Battistella's long memo to Miller explaining the outburst shows the state of her mind at the time. It begins: "Shortly after I wrote you the first memo about [the parent], as I was sitting at my typewriter having an ulcer attack and debating whether to call 911, she walked in with the entomologist from UofA."
In early March, the board, now firmly under Miller's command, decided to redesign the school's flow chart so that Battistella would have to report directly to Miller, who was now president, CEO and principal.
The State Board of Education and the Department of Education refused to allow that change.
Miller's attempt to consolidate power only polarized the school further, with teachers and parents lining up behind Miller and Battistella and trading threats and rumors. Marie Coleman, the former office manager for the school, claims that one parent, Michael McNally, threatened her when she refused to hand over Miller's confidential personnel records.
McNally claims he only wanted a copy of Miller's employment contract, which would be a matter of public record, and that Coleman refused to turn it over. "I asked her nicely," McNally says. "I was never abusive."
On April 17, after two written reprimands, after offering a resignation deal, Greg Miller and the Dragonfleye board fired Battistella. Aside from the outbursts and the insubordination and the failure to run the lab, which was her primary job, they alleged that she had breached confidentiality by sharing her notes on students and staff with some of the school parents whom she saw as allies.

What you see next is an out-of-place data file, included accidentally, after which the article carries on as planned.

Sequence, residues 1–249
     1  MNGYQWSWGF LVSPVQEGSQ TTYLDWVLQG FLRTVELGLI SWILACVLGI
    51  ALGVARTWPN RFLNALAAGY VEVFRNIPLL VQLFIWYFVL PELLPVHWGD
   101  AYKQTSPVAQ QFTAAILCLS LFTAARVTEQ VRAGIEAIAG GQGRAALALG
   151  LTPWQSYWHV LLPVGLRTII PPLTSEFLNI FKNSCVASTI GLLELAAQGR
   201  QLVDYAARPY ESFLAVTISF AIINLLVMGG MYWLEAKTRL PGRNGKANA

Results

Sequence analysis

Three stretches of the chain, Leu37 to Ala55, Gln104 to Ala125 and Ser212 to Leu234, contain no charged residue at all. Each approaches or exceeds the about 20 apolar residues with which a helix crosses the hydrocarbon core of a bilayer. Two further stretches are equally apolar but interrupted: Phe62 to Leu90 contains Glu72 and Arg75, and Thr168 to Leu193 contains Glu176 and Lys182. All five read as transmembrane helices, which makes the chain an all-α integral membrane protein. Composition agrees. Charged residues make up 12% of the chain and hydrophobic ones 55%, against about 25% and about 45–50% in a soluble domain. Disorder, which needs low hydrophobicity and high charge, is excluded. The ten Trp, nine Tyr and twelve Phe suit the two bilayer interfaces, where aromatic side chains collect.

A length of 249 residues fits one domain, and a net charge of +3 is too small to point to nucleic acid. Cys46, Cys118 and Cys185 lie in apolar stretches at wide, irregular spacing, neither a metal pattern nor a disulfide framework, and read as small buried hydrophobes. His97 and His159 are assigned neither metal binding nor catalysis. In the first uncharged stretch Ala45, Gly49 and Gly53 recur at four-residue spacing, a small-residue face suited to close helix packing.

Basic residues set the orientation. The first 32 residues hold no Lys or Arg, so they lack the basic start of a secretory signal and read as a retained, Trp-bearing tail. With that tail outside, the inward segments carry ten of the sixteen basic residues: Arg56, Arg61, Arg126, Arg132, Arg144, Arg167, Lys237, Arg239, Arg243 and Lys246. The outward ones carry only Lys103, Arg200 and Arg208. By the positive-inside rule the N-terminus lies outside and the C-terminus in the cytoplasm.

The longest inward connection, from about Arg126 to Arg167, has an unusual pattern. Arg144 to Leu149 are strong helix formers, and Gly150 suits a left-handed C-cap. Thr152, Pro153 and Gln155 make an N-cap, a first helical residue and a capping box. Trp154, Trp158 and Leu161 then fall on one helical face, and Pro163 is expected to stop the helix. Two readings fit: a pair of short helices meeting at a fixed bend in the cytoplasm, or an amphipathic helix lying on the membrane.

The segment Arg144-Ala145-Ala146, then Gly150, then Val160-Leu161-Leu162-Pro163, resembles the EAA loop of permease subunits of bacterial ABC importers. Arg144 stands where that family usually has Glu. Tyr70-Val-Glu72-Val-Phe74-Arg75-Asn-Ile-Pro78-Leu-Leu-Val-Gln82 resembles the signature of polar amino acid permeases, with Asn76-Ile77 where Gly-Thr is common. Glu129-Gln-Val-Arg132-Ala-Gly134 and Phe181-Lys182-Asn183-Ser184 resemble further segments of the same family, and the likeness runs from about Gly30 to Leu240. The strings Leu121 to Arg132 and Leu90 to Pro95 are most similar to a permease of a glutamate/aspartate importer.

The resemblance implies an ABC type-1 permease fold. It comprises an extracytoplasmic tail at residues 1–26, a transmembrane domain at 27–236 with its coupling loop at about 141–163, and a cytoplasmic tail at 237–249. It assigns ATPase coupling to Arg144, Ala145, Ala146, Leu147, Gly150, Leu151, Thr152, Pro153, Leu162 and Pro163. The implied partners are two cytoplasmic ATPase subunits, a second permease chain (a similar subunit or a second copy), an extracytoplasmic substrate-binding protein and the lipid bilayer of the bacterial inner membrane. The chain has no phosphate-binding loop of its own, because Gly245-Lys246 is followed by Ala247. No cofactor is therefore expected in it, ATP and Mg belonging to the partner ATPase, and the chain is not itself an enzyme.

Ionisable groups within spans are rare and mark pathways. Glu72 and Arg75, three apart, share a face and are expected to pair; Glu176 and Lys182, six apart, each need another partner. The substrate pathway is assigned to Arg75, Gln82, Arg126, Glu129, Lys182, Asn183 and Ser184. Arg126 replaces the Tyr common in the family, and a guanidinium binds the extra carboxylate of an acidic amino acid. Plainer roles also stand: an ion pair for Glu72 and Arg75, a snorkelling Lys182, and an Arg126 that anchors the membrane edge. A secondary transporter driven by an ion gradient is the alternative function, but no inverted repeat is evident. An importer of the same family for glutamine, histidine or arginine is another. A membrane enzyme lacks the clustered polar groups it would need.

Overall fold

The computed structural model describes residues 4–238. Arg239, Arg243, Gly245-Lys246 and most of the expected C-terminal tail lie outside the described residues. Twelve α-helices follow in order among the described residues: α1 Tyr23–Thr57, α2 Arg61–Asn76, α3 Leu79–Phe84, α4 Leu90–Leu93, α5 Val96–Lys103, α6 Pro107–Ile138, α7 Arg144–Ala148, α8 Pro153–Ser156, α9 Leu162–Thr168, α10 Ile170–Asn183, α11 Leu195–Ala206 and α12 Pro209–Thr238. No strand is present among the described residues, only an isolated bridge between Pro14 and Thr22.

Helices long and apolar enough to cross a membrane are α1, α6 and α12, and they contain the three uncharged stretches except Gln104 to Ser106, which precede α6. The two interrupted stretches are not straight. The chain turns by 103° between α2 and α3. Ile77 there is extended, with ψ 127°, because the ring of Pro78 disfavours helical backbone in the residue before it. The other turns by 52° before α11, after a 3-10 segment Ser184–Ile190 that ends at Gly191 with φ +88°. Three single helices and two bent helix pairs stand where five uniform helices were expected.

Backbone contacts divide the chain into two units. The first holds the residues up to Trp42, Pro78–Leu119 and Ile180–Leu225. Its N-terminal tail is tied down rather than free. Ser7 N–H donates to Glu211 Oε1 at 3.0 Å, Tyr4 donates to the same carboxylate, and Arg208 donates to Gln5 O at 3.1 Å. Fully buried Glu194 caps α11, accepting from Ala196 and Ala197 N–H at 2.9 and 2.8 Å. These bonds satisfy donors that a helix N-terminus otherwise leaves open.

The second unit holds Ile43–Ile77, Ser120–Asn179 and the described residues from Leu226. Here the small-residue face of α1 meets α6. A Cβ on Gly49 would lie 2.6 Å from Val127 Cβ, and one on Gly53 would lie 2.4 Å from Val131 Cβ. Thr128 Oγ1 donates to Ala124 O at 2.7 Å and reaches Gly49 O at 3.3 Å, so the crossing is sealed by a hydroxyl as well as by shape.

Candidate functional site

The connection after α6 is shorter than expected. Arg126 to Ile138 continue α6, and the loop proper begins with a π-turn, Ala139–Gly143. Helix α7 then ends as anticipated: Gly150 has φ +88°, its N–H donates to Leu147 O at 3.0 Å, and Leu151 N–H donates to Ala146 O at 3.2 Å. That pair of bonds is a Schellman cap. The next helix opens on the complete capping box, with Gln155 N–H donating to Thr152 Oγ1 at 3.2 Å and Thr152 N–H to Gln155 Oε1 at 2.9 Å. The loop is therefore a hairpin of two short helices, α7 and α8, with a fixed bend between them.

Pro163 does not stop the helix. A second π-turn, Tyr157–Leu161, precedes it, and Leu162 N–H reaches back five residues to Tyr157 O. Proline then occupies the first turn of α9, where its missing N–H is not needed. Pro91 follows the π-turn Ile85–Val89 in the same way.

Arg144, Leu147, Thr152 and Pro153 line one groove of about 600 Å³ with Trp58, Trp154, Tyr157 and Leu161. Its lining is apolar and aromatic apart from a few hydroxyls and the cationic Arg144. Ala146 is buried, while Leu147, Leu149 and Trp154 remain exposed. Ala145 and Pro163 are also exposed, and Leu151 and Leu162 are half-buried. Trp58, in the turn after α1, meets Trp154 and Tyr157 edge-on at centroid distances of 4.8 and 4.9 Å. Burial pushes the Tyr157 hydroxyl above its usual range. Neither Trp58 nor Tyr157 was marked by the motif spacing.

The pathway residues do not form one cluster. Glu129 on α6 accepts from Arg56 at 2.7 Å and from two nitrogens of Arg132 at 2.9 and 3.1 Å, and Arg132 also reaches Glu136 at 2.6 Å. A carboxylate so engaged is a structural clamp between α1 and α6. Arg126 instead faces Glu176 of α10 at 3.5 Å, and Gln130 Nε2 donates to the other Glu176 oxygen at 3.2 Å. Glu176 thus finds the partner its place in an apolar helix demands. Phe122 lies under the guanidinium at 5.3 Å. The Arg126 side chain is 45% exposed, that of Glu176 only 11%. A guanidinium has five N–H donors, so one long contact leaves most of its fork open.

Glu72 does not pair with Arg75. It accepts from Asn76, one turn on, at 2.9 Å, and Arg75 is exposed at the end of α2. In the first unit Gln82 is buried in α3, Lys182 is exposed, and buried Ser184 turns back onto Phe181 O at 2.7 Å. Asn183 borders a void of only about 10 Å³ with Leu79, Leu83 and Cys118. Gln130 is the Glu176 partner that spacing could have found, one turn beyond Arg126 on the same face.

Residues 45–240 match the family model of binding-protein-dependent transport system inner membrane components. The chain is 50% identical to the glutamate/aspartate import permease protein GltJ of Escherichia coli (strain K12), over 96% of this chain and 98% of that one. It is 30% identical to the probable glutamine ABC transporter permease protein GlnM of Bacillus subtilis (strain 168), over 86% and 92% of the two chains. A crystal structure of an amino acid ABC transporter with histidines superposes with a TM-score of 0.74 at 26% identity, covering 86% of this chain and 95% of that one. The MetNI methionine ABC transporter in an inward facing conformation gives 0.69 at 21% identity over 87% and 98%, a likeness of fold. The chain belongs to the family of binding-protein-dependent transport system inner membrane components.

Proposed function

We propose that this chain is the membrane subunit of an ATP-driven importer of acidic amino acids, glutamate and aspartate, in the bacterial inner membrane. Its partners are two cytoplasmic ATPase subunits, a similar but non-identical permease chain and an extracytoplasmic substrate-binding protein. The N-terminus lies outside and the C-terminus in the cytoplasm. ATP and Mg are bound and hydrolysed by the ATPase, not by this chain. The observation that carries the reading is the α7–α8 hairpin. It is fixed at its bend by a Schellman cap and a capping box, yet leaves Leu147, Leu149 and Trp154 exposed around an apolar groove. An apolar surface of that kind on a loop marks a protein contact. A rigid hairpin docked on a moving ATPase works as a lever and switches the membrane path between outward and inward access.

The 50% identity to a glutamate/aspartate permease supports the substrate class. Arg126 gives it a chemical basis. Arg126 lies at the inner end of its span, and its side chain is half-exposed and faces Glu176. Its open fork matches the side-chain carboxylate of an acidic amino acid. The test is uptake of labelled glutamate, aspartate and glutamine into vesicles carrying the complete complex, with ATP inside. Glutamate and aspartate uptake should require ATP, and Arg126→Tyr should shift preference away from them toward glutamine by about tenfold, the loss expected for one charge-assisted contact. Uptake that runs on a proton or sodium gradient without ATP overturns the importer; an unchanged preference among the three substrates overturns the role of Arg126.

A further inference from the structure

But Battistella refused to leave.
The next day she posted a note on the bulletin board announcing that she had dissolved the Dragonfleye organizational board and appointed a new one that would meet the next day.
Miller was stunned by her audacity.
When she still refused to leave the building, Miller called the police and had her escorted off campus. Then he took out restraining orders against Battistella and three sets of parents closely allied with her.
"The next two weeks were the quietest we ever had," Miller says. It was the quiet before the storm.
Once out of the board's sight, Battistella froze the school's bank accounts, and on May 6, she had Miller called into Northwest Justice court to contest the restraining orders against her and the parents named in the injunction.
When Miller showed up, he was surprised to see that Battistella was accompanied by her lawyer. He called his own, but to little avail. Battistella's paperwork was perfectly in order.
The State Board of Education had entered into its charter-school contract with Dragonfleye Science, Inc., and the articles of incorporation registered with the Corporation Commission showed that Dragonfleye Science, Inc., had just three directors: Battistella, Jan Bingham and Mike Kiedrowski. Whether the names of the other school founders had been left off the paperwork intentionally or by accident, Miller had no valid legal claim to Dragonfleye in the eyes of the court.
John Barclay, the justice of the peace, ruled that Battistella was a rightful owner of the school's charter, and he likened Miller's actions to a South American coup d'etat.
"My understanding of the present charter-school laws are the following," Barclay told the courtroom. "If Mr. Gregory Miller thinks that Ms. Battistella is going to have chaos wherever she goes, then he has a right to form his own school and take all those unhappy students from Ms. Battistella away and have them sign up at his school."
And that is basically what Mr. Gregory Miller did.
As for whether Battistella was qualified to run the school, Barclay later told New Times, "She probably has a personality problem, but I wasn't ruling on her personality. I wasn't ruling on whether her teachers liked her."
Judge Barclay's ruling burned up the telephone lines, and teachers and parents on both sides of the debate raced to the school. What happened next is open to argument.